Treasury of Precious Qualities: Book Two
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This book is a translation of the second part of a commentary on the Treasury of Precious Qualities, the most celebrated work of Jigme Lingpa (1730–1798), one of the most important figures in the Nyingma lineage. In a slender volume of elegant verse, this root text (new in this revised edition) presents the entire Buddhist path according to the Nyingma school. Because it is so concise and makes use of elaborate poetic language, the commentary is indispensable.
thoughts (i.e., other than the tenets of mistaken systems) derive from the misapprehension of sense data.” [DKR] 82 “There are ten meanings of the word ‘dharma’ (chos). Six apply to phenomena; four apply to the sacred Doctrine. The first six are: (1) phenomenon or knowledge object; (2) mental object; (3) life span; (4) future time; (5) certainty; and (6) religion (religious tradition). The four that apply to the sacred tradition are: (1) scriptures, or the Dharma of transmission; (2)
precepts concerning what is to be done How the three kinds of vow may be observed simultaneously The observance of the three vows as taught in the Nyingma tradition 1. The aspects remain distinct 2. The three vows are the same both in purpose and as antidote 3. The transmutation of the vows 4. The gradual qualitative enhancement of the three vows 5. The absence of contradiction in the practice of the three vows 6. Observance should be appropriate to the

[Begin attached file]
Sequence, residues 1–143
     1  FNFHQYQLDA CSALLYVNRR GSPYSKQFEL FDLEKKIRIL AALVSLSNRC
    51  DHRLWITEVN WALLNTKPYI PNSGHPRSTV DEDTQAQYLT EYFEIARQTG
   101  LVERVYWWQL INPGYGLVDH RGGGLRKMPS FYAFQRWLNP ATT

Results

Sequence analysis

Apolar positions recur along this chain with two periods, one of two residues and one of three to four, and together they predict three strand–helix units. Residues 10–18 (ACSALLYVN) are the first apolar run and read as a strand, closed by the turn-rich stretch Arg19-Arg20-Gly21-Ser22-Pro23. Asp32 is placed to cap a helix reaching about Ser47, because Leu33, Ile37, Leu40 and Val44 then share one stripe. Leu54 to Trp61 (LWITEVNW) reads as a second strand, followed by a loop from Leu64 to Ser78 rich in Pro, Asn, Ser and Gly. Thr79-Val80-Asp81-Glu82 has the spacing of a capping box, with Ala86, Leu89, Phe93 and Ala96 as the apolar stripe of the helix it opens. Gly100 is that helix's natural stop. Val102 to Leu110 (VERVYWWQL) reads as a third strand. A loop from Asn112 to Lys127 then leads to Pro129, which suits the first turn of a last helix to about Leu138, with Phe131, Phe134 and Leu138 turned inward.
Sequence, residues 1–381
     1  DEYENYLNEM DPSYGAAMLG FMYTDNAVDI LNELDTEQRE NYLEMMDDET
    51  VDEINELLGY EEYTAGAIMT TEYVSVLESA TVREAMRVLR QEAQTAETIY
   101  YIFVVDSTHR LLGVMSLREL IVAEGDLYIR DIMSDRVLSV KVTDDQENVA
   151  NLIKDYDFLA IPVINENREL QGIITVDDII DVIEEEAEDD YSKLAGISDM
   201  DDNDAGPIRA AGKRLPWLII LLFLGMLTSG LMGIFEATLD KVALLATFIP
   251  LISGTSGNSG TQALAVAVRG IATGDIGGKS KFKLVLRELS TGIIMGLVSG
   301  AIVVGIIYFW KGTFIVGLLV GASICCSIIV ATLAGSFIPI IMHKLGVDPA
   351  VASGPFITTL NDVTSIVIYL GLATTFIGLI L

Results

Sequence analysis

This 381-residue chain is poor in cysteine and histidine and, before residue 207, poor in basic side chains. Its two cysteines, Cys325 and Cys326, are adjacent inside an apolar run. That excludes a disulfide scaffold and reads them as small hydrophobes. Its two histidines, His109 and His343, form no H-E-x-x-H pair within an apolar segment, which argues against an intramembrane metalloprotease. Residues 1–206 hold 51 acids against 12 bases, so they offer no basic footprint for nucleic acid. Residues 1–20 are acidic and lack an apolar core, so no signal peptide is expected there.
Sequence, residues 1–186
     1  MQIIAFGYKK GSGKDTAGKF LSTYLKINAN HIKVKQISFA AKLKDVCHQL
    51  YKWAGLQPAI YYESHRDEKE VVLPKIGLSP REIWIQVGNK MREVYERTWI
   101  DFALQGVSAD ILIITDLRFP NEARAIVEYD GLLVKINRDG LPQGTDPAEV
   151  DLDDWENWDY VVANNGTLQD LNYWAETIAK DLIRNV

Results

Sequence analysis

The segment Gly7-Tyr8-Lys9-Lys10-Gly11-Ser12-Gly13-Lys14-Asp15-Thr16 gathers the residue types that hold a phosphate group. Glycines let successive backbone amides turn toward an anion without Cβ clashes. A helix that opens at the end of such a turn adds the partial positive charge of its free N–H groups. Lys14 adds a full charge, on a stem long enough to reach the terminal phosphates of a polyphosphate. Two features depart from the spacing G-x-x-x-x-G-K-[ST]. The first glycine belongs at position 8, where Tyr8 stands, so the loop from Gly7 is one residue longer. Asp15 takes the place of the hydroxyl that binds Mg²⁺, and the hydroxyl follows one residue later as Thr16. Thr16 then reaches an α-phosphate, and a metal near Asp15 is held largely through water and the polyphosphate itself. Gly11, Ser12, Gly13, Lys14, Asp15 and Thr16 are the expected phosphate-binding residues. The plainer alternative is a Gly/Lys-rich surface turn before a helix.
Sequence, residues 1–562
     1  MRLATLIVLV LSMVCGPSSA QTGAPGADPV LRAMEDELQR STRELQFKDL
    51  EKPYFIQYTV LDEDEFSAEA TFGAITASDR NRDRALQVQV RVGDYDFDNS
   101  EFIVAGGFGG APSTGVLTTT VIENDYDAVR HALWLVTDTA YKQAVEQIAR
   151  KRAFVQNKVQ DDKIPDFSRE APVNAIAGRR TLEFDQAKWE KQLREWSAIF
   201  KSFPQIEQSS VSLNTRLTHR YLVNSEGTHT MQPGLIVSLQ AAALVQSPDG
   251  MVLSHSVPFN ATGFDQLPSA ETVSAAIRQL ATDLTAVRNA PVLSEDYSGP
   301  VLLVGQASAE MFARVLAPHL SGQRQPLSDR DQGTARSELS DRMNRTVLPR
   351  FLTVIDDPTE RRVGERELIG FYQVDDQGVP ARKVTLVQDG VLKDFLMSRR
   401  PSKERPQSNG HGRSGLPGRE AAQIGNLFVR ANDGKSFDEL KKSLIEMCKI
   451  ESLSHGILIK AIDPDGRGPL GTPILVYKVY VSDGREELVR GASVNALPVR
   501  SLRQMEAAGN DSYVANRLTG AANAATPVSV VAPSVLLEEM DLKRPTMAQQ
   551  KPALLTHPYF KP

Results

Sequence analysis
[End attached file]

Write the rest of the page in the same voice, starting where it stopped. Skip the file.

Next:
translated here, together with the detailed commentary by the twentieth century master Kangyur Rinpoche. It is an indispensable manual for those drawn to the Nyingma teachings. JIGME LINGPAa Although he came to be regarded as one of the most important figures in the Nyingma lineage and an incarnation of both the great master Vimalamitra and the Dharma king Trisong Detsen, Jigme Lingpa was born and grew up in a situation of simple obscurity. At the age of six, he was placed in the monastery of
with the wisdom of the dharmadhatu: the body of manifest enlightenment and the vajra body, respectively.”  It is thus possible to train in the four boundless attitudes according to the extraordinary Mahayana, bringing into play an understanding of the ground, path, and fruit. The path of the two accumulations, which bring to birth the two kayas (as understood on the level of the sutra teachings), and the path of skillful means and wisdom, which purify the two veils (as understood in the
friends who shield beings from suffering. Summoning them to act as the field for the accumulation of merit and as objects of refuge, the disciple calls upon all the Buddhas and Bodhisattvas of the ten directions, the enlightened destroyers of the hosts of evil, who are free from the two veils of emotional and cognitive obscuration and who thus know and perceive without attachment or impediment all phenomena in their multiplicity as well as in their ultimate nature. OFFERING CLEANSING WATERS